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The Trumpet of the Swan by E. B. White (1970)


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One of my favorites as a child, holds up well to a reread. Not sure if an adult, reading it for the first time, would be able to suspend disbelief about the swans' lives in the midst ofa mostly realistic, even educational story. But White does write beautifully, of course, and there are some lovely ideas and passages here.

And some humor. Louis's father is a good cob, but rather vain and given to fancy language. At one point he speaks of 'Here I glide, swanlike...'" and his wife reproaches him, because how *else* would a swan glide? "He decided he'd better do more gliding and less talking."

If you're a fan of Charlotte's Web or Stuart Little (the book), give this a go." ( )
  Cheryl_in_CC_NV | Jun 6, 2016 |
"Dad, do you know what a male swan is called? I'm quizzing you." We'd been listening to The Trumpet of the Swan during lunch while Dad was at work. On a family car ride, our six-year-old decided to test his father's knowledge of waterfowl.

"I don't know," said Dad. "A drake?"

"No!" said our son triumphantly. "A cob!"

It's always a pleasure to read this quirky little book about love, persistence, responsibility, and making your voice heard despite the obstacles. Hearing it in White's own voice on the audiobook and sharing the experience with my children (again) was particularly wonderful. I anticipate some requests to camp in Canada or visit Montana this summer. I'd be up for it. ( )
  ImperfectCJ | Apr 7, 2016 |
E.B. White writes an children's novel that here has no human characters but is so easy for children to relate to. My son loved it so much that he cried when it was done because he was sad to have it over. We had to re-read it immediately. ( )
  mamashepp | Mar 29, 2016 |
E.B. White writes an children's novel that here has no human characters but is so easy for children to relate to. My son loved it so much that he cried when it was done because he was sad to have it over. We had to re-read it immediately. ( )
  mamashepp | Mar 29, 2016 |
A delightful book. This book seems meant to be read out loud. E.B. White's characters, from the Old Cob to Sam to the judge, come to life and bring the story to life as well. Rebekah and I loved this one and can't wait to read Sturt Little. ( )
  memlhd | Jan 23, 2016 |
Showing 1-5 of 55 (next | show all)
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» Add other authors (2 possible)

Author nameRoleType of authorWork?Status
E. B. Whiteprimary authorall editionsconfirmed
Frascino, EdwardIllustratorsecondary authorsome editionsconfirmed
Marcellino, FredIllustratorsecondary authorsome editionsconfirmed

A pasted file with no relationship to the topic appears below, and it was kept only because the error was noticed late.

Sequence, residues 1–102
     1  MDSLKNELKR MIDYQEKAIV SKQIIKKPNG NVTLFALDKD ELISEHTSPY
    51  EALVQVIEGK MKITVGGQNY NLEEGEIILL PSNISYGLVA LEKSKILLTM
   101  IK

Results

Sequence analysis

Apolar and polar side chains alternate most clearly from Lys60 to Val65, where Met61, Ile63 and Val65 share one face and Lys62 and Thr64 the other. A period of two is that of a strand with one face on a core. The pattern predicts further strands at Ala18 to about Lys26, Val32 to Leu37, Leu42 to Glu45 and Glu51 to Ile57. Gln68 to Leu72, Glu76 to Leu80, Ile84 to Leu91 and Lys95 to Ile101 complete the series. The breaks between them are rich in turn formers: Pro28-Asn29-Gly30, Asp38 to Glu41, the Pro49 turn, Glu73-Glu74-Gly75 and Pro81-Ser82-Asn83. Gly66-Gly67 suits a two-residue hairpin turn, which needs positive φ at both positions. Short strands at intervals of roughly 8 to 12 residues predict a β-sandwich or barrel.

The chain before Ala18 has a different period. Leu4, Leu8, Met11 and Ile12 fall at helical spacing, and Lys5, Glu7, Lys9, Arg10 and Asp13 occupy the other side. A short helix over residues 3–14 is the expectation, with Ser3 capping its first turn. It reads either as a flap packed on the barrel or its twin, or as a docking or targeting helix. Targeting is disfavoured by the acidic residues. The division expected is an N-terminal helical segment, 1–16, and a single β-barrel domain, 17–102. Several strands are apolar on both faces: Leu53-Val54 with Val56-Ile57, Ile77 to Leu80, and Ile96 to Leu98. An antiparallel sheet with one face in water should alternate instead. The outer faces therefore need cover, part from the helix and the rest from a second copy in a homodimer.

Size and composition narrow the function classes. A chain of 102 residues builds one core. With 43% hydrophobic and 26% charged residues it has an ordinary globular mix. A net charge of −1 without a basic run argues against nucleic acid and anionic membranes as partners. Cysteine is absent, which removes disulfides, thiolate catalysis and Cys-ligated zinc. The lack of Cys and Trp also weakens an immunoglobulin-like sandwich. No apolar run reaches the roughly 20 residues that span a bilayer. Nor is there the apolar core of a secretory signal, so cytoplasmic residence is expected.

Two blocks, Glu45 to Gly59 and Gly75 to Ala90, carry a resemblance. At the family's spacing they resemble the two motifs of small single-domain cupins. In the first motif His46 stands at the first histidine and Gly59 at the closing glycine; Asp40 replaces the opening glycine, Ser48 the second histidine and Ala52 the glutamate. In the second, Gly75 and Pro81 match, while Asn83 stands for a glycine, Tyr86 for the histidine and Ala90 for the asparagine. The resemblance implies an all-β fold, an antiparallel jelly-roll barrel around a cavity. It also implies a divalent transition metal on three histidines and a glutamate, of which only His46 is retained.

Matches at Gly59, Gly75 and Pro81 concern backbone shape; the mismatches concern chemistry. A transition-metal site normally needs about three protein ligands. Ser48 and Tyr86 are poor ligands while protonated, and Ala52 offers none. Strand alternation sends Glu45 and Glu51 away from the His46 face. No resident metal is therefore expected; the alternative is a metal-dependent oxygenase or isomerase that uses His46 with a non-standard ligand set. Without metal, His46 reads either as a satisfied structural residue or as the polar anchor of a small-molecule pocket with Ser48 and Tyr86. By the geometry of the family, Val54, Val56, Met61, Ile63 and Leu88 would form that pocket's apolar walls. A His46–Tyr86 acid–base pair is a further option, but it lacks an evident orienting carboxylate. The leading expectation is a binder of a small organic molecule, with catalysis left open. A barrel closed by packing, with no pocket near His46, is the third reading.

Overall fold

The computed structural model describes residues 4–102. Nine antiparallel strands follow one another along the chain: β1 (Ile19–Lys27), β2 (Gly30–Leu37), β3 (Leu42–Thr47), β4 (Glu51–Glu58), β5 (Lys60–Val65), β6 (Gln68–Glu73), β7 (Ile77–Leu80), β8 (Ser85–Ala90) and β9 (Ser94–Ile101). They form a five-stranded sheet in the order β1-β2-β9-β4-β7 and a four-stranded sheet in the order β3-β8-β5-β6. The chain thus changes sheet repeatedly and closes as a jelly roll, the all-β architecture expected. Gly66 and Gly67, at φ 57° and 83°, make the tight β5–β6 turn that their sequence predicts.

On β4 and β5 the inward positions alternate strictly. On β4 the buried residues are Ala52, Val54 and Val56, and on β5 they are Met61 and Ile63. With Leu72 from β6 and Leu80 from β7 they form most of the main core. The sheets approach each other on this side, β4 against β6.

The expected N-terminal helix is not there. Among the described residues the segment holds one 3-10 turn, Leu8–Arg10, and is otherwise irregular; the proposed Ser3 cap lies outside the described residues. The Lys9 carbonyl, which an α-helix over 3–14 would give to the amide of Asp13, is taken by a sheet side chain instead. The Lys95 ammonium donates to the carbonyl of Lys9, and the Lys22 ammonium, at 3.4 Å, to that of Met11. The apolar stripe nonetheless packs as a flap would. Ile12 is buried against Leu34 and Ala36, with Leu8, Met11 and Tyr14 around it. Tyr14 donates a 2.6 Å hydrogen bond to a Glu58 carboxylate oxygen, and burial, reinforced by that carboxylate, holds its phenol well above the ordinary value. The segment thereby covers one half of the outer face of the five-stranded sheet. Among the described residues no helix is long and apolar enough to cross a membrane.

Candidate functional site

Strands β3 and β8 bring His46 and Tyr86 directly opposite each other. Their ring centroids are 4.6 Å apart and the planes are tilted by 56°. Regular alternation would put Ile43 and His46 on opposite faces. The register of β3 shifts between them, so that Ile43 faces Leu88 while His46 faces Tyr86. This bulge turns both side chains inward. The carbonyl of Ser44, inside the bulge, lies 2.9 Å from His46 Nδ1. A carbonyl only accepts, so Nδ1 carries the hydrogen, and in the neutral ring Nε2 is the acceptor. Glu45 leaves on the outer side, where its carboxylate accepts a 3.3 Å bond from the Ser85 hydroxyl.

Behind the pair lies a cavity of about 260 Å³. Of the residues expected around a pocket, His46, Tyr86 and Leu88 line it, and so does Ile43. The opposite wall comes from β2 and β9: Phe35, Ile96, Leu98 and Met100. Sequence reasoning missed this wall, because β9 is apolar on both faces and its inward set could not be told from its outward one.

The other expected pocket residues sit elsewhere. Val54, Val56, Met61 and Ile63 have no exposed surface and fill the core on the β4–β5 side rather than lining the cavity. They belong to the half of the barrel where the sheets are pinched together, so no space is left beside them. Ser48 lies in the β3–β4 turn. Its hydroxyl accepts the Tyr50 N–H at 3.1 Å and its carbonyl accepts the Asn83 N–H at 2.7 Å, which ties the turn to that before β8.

Merling, JennyTranslatorsecondary authorsome editionsconfirmed
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Walking back to camp through the swamp, Sam wondered whether to tell his father what he had seen.
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(Click to show. Warning: May contain spoilers.)
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Book description
Louis is a trumpeter swan. He is born one summer on a little pond in Canada, along with four brothers and sisters. But Louis has a terrible problem. Unlike the rest of his joyfully noisy family, Louis can't make a single sound. And without a trumpet sound, his true love - the beautiful swan Serena - just ignores him. Louis's father promises to help. So does Sam Beaver, a boy who loves all wild animals. First Louis goes to school with Sam and learns to read and write. But swans can't read, so Louis still can't make himself understood. That's when Louis's father puts his honor aside and steals a brass trumpet to give his son a voice. Louis's determination to pay off his father's debt and to woo his own true love takes him far from the wilderness he loves, but his faith and his joy in life are always with him.
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Amazon.com Amazon.com Review (ISBN 0590406191, Paperback)

Although he lacks a voice in the traditional "Ko-hoh!" sense, trumpeter swan Louis learns to speak to the world with a trumpet stolen from a music store by his father. With the support of an unusual boy named Sam, who helps Louis learn how to read and write, the swan has some rather unswanlike adventures and ultimately wins the love--and the freedom--of a beautiful swan named Serena.

For over 30 years, E.B. White's masterpiece has captured the fancy of countless readers. Now, with stunning new art by award-winning illustrator Fred Marcellino, the beloved story can be experienced anew. The sepia-colored drawings lend an old-fashioned charm to the story--it's almost as if, with their complementary dry wit and uniquely creative talents, White and Marcellino originally worked together. Marcellino received the Caldecott Honor for his illustrations in Charles Perrault's Puss in Boots. (Ages 8 to 12) --Emilie Coulter

(retrieved from Amazon Thu, 12 Mar 2015 18:10:29 -0400)

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Knowing how to read and write is not enough for Louis, a voiceless Trumpeter Swan; his determination to learn to play a stolen trumpet takes him far from his wilderness home.

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